Summer solstice crept over the horizon like a cat stalking a cricket. Move too fast and the moment will jump and flutter away on noisy wings.The sun peeked over the trees and hills on the far side of the neighboring farm. The driveway momentarily moved from night-shadow grey to a deeper black as the entire world adjusted to the flow of light.
Georgia sat on the porch, glancing over her shoulder from time-to-time. Searching for adults had become a habit so ingrained it seemed more like a reflex. Watchful vigilance was something akin to blinking or breathing.
She was supposed to be in bed, like all the other children, but today was the first day of summer and Georgia intended to see it from beginning to end. She’d told her mother this over dinner the previous night, but the only response was a long sigh and a wordy lecture about things ‘they’d talked about.’
This was important. Her mother didn’t agree, but Georgia was convinced she knew better. Besides, what was so wrong about watching a sunrise and a sunset? There was no school and chores were always the same.
The first day of anything was special because it was different. Summer was special because it was…summer! The first day of summer? That was something extra special and Georgia was going to see every last minute of it. Even if she couldn’t convince a single adult to bake a cake with the words “Happy Summer!” in green and blue frosting.
The sun rose higher in the sky. The birds began their songs long before the sun showed her face, but now there was a loud chorus. It was the bird version of a traffic jam, with all of them fluttering about, chattering away, and occasionally diving down after a bug or a worm.
The last star was still visible in the sky. The smell of coffee floated out on the air from the nearest Wild Raccoon neighbors. Lights were slowly flickering on in different windows across the community.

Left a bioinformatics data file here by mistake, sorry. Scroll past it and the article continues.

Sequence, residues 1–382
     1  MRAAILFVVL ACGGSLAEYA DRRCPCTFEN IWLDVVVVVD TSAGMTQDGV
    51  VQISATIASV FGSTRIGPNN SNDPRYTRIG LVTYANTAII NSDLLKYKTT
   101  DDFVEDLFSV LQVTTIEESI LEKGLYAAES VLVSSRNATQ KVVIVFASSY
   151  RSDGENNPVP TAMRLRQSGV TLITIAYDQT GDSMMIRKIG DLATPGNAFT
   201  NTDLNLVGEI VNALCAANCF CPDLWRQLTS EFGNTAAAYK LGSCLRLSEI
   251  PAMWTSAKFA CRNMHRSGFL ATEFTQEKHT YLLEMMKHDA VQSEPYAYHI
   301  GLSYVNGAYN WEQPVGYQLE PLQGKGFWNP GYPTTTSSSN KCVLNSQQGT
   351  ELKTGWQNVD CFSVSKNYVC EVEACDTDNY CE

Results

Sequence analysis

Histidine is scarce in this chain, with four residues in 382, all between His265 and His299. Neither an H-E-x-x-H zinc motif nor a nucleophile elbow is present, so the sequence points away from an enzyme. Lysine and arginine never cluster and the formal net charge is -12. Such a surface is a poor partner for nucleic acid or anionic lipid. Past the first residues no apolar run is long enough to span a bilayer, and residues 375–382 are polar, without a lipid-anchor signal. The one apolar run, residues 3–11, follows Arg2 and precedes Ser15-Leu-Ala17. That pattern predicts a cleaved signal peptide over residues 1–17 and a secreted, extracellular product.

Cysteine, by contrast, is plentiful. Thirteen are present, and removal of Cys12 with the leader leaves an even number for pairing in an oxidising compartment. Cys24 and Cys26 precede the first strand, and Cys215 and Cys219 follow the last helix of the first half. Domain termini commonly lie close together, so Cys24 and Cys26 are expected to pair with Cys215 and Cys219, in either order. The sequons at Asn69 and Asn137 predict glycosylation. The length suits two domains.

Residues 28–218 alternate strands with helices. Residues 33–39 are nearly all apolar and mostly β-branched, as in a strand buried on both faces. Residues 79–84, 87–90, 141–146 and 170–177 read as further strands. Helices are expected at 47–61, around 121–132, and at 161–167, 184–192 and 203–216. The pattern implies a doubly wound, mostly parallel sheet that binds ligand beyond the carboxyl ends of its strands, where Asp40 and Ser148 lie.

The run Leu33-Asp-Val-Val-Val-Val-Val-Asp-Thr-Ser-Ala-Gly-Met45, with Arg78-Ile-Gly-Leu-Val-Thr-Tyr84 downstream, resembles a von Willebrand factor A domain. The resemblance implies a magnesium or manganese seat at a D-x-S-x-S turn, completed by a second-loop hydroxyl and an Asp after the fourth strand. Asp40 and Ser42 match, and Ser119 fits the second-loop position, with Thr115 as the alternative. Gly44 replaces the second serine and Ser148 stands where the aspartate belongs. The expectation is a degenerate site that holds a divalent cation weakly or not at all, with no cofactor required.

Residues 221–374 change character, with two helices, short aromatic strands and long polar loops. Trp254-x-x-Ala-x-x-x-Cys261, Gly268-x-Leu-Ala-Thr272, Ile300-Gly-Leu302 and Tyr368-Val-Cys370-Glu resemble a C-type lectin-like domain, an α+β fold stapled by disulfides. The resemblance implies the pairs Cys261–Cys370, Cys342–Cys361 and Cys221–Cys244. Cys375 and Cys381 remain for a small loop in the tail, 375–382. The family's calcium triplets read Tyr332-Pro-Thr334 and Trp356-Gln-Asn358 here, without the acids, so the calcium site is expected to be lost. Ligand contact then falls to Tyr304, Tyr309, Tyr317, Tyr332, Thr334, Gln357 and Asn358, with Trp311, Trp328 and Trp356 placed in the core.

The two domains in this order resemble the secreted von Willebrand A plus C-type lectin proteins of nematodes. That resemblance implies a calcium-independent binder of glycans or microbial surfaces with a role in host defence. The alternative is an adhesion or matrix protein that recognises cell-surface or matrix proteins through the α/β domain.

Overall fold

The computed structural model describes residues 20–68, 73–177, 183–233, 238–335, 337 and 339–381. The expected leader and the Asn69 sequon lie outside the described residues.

A buzzer went off in her mother’s room a few moments after Georgia watched the last star disappear from the sky. As quietly as she could, Georgia slipped back into the small house she shared with her mother and younger brother.
It was a small building, much smaller than the one they’d had when daddy was alive, but the Wild Raccoon farm was an entire world just bursting with things she’d never seen before. Safe in her room, sitting on the bed and watching the sky through the open window, Georgia closed her eyes and remembered her daddy. Remembered everything. His voice, his smell, the way his face turned red when he was angry and even more red when he laughed.
“Good morning daddy.” She whispered. “I miss you.”
As long as she could remember him, he was here with her. That was what they said at the funeral – and every opportunity for many weeks after. Georgia practiced remembering every time she found something amazing or beautiful. She wanted her daddy to share it and she wanted to make sure she never forgot.
The Wild Raccoon had many things to discover and, as long as she kept finding little things like he sunrise, she would never lose her daddy. Not for real. Not for forever.